It looks like the king of Nepal is on his way out. Massive demonstrations of protesters defied the shoot on sight curfew today and surged over police and army blockades. The king offered to restore democracy, but the opposition groups smell blood and refused any deal that keeps the monarchy intact.
I hope the situation defuses peacefully and without any loss of life.
It’s Earth Day! I hope you did something good for the planet today. I picked up trash along the beach from Tanguisson to Hilaan (Shark’s Hole) with the boonie stompers. It was a chore, but it felt good to clear up a lot of waste. It bums me out to see beer cans, soda bottles, styrofoam plates, busted zhories, and all the other detritus that people leave on such a beautiful beach.
Don’t worry, you can still join in all the fun. The boonie stomp next week is also a beach walk with trash bags, for a little more clean up action. After all, shouldn’t every day be Earth Day?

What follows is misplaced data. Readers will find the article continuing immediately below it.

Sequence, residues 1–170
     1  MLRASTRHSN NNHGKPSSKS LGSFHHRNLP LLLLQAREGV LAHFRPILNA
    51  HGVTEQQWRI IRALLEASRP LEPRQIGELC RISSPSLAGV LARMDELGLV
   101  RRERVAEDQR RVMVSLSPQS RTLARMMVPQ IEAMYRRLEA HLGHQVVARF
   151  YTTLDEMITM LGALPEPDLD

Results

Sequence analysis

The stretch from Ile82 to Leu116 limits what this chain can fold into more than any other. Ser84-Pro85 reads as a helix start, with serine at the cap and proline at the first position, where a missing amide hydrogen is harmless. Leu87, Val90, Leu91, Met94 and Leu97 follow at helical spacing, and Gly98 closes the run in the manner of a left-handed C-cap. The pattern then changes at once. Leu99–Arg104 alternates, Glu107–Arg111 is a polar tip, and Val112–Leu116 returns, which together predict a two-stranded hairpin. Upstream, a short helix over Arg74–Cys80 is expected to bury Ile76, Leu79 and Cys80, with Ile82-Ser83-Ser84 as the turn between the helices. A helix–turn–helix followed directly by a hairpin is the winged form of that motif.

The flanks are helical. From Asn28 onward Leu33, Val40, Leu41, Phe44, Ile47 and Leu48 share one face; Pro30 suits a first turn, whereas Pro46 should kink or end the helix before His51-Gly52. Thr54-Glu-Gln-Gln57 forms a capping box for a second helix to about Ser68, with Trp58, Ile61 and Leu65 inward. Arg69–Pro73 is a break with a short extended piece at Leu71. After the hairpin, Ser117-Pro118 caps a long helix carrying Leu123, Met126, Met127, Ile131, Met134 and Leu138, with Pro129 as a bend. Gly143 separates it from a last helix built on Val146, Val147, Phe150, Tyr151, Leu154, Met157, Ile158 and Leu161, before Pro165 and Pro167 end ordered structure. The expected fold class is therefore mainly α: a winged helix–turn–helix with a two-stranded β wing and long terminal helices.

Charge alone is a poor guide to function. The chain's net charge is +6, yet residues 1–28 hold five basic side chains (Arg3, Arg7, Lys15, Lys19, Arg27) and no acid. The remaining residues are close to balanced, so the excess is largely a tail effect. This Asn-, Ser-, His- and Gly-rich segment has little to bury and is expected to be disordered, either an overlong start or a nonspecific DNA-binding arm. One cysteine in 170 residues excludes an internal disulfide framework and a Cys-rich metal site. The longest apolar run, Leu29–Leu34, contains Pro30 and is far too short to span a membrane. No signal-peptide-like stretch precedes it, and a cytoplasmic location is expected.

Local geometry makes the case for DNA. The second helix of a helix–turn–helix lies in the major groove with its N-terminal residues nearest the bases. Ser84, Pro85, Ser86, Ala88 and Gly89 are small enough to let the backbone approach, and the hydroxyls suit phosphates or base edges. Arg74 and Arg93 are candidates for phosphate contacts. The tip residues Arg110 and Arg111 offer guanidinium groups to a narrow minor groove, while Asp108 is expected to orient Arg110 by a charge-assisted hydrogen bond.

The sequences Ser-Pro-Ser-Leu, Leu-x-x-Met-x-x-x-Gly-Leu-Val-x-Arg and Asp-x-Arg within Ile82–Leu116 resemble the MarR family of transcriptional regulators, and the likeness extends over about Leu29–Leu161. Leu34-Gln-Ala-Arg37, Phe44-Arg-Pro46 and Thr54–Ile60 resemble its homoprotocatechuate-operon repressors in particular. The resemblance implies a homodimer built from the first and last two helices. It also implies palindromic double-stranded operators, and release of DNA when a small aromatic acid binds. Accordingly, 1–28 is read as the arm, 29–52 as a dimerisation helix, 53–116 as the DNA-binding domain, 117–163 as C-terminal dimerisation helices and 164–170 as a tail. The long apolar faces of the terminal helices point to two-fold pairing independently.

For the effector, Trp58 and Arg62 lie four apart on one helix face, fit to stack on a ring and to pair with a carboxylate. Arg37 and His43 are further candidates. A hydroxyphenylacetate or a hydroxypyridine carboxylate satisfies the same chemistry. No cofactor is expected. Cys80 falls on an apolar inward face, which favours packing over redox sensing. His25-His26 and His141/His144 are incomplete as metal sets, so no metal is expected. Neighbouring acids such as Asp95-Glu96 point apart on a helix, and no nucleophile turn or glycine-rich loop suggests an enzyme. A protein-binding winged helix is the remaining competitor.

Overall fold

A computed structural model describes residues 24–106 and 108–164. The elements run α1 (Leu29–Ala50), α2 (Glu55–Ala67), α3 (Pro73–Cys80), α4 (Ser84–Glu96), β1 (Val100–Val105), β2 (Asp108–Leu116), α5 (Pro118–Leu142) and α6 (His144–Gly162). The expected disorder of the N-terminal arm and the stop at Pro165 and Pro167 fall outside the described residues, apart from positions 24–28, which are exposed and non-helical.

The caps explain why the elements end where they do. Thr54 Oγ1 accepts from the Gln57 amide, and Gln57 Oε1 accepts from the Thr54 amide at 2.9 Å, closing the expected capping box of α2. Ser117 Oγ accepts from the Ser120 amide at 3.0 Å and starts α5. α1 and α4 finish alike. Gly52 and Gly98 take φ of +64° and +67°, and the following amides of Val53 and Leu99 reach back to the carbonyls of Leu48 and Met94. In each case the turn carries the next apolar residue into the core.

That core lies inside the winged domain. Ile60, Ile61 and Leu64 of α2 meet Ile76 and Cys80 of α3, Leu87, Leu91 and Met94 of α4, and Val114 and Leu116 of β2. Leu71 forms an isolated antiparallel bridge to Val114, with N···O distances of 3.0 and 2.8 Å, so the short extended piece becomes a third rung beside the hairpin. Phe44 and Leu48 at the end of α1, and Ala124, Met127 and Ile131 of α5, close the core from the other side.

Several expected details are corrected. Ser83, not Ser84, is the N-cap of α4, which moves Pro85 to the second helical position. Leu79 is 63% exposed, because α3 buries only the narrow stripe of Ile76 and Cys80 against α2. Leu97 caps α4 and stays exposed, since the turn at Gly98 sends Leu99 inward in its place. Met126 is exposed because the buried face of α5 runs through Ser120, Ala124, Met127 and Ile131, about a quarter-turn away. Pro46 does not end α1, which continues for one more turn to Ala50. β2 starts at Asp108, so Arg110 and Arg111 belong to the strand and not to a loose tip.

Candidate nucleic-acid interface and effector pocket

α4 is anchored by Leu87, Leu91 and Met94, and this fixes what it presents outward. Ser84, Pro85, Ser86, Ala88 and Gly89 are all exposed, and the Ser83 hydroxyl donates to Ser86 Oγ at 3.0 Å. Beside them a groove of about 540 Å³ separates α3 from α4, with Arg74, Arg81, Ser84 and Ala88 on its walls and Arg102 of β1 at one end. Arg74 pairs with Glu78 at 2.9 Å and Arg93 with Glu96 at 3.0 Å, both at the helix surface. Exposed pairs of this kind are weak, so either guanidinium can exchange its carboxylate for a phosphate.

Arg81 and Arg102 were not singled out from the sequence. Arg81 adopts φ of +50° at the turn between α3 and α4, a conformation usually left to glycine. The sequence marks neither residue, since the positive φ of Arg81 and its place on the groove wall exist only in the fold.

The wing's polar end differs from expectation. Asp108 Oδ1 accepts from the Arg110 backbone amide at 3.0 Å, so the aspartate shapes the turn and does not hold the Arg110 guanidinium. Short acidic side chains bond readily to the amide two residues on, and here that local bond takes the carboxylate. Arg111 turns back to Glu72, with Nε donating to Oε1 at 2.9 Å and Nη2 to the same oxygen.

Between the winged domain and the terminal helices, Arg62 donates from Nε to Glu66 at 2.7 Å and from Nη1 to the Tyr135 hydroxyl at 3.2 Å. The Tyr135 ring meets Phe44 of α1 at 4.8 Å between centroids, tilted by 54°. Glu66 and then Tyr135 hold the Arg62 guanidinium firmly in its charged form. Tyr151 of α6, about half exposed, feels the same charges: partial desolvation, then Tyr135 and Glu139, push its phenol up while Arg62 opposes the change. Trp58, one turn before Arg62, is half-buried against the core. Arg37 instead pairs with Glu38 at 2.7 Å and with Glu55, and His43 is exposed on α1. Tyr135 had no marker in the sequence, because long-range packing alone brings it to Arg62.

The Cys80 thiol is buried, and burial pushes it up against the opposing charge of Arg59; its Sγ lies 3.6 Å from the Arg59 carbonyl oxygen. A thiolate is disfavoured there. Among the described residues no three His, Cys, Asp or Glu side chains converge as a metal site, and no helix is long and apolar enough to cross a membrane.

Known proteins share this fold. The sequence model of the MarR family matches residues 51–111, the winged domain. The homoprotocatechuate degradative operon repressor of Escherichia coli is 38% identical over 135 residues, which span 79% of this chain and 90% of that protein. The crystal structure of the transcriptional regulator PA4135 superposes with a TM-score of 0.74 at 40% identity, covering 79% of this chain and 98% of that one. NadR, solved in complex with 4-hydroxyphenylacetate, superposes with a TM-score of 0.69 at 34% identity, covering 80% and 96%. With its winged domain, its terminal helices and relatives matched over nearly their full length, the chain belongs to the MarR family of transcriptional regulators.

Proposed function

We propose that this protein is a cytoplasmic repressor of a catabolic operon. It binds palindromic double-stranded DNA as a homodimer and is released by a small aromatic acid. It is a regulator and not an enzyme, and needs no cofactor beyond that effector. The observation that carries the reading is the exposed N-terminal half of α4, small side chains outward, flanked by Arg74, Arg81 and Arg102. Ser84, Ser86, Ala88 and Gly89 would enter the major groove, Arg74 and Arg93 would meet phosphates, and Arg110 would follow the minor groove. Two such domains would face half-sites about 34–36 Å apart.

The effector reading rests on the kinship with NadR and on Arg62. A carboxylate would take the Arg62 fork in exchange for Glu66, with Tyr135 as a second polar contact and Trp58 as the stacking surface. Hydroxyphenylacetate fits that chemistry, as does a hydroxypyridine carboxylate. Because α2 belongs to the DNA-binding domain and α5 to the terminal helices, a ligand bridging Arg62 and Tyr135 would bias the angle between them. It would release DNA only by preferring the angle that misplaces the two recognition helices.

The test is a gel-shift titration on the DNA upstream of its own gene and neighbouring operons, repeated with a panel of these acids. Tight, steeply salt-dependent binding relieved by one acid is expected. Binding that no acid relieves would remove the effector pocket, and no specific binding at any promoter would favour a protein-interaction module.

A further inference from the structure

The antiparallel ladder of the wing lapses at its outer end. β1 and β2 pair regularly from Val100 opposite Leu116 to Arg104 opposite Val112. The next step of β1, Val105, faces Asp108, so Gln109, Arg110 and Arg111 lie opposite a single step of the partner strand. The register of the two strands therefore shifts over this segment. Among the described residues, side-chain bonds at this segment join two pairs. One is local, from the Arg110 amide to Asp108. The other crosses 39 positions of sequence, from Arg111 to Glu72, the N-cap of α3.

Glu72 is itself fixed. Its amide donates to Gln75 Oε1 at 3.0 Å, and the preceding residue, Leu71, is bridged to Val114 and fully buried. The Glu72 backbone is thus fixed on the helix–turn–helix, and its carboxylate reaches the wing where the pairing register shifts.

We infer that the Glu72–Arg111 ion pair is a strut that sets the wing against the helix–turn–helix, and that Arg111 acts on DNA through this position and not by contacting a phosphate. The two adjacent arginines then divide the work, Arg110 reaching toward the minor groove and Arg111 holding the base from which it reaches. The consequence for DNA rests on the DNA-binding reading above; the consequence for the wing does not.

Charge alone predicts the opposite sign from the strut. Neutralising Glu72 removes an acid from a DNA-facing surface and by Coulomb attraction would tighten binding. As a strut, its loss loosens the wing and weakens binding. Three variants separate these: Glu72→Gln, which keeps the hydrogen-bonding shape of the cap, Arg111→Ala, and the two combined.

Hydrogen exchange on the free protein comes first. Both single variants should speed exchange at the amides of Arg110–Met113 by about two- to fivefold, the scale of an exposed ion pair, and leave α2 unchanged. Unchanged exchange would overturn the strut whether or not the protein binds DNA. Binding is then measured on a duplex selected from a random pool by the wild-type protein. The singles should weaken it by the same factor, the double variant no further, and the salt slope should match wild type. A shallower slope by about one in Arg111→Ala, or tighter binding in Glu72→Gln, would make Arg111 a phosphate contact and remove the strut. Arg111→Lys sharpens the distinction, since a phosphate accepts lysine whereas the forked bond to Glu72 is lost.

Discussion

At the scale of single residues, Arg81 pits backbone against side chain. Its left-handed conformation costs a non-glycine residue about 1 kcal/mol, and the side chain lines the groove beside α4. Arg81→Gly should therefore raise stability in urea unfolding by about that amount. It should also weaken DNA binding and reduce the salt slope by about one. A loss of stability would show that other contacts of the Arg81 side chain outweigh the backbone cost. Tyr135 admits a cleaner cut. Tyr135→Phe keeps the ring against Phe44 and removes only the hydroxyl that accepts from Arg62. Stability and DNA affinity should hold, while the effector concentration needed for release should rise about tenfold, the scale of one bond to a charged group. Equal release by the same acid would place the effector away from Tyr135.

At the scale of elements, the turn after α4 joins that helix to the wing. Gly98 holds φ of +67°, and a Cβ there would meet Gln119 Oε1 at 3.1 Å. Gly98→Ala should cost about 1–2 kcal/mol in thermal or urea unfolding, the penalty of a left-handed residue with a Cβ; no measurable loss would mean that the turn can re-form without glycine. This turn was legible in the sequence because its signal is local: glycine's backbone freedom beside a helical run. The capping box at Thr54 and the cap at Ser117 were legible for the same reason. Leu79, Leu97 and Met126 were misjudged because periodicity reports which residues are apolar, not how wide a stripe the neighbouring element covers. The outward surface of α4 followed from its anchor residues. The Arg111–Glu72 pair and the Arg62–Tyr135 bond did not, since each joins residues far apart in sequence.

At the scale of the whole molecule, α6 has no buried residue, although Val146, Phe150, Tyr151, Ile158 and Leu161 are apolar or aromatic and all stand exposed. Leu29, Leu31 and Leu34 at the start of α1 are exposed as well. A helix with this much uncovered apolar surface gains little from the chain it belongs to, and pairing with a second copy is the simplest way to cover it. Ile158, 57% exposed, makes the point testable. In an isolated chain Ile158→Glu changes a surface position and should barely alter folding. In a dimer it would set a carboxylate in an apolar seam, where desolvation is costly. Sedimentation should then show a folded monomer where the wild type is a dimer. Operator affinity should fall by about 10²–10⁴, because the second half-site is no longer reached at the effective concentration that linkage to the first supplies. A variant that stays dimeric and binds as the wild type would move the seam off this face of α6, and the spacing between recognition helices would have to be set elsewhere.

PS – I wanted to mention a very good National Geographic article on the end of oil and developments in renewable energy, including wind power.
The “Vailulu’u seamount”:http://news.nationalgeographic.com/news/2006/04/0414_060414_volcano.html?source=rss rises 4500 meters from the seafloor near the Samoan Islands. Despite toxic chemicals, scalding water and extreme depth, the volcano is teeming with life. Thousands of eels congregate on the spot, gorging on shrimp who are sucked down from the surface in a gigantic gyre to the top of the seamount 700 meters below the surface. The whirlpool also sucks in fish who die in the anaerobic, iron tainted water. But a type of sea worm lives in this ‘Moat of Death,’ feasting on the carcasses of hapless fish.
This is a fascinating find for scientists because it hints at the future of the world’s oceans. As more carbon dioxide is released into the atmosphere, the “oceans absorb the gas and become more acidic”:http://www.galaide.org/?p=2651. The waters around Vailulu’u are extremely acidic and poor in oxygen and provide a clue to how life will survive in this future ocean.